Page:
Dasa (Sanskrit दास dāsa) is a term that initially had the connotation of "enemy," as relating to tribes identified as the enemies of the Indo-Aryan tribes in the Rig Veda. The word later acquired religious connotations. In contemporary usage, the surname Dasa designates a servant of God, "devotee," or "votary." Dasa more accurately translates to one who has surrendered to God. Dasa can also be used as a suffix to a given name in order to indicate "servant" or "slave" of a particular deity. The present day usage of Dasa or Das in Hinduism has a respectful connotation and is not considered derogatory.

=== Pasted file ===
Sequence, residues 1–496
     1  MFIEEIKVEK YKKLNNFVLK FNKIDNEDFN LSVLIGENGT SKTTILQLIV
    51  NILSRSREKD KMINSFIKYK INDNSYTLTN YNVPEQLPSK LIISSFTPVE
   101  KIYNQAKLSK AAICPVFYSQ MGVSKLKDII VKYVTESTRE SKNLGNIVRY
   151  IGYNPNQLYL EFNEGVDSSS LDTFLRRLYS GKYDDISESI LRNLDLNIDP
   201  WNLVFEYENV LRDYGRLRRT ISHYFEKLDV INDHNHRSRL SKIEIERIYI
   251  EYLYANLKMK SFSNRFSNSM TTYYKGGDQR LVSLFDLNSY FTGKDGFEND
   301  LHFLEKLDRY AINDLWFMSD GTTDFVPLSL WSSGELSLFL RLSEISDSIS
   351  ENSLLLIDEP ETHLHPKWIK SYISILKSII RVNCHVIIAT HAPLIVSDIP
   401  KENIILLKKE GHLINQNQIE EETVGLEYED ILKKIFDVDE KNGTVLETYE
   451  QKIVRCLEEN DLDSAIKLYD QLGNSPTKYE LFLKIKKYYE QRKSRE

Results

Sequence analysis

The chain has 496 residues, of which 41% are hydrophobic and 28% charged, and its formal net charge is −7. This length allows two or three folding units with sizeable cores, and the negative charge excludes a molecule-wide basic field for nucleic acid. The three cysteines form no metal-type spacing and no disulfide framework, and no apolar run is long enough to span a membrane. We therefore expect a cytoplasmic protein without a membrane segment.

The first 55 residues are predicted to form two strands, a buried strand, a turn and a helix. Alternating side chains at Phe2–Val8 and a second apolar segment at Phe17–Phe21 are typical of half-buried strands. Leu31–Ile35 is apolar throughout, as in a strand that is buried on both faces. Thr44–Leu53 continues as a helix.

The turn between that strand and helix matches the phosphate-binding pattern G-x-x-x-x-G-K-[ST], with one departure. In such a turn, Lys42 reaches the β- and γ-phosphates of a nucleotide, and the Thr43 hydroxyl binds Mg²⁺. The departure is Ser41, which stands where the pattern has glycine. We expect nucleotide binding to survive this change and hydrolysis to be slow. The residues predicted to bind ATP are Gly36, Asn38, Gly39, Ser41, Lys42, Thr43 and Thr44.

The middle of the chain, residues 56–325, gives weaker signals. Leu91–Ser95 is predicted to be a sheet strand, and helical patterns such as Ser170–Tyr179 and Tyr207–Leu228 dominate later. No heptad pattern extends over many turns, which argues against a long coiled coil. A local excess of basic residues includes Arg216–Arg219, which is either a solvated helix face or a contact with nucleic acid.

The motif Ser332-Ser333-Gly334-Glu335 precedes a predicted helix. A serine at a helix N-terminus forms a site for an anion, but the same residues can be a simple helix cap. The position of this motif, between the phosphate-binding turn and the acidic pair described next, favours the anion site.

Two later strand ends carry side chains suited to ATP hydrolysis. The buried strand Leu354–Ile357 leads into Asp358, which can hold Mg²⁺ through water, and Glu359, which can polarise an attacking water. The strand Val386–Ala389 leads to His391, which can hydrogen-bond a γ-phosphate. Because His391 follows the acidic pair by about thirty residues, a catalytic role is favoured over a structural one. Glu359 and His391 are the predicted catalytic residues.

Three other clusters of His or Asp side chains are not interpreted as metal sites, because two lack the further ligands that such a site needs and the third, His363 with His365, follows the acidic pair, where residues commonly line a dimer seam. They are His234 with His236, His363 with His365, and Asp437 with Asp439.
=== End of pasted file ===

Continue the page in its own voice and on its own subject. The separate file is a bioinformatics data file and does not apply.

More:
The Dasa are often identified as the wealthy cattle-raising non-Indo-European populations subdued by the people practicing Vedic rituals in the course of the Indo-Aryan migration. Asko Parpola proposed that the original Dasas were fellow Indo-Iranians of the Bactria–Margiana Archaeological Complex, who initially rejected Aryan religious practices, but were later merged with them.
A similar term for enemy people, Dasyu, is also used in the Rig Veda. It is unclear whether the Dasa and Dasyu are related. There is no word for "slave" in Sanskritized Hindi, so the word Dāsa is used in its place.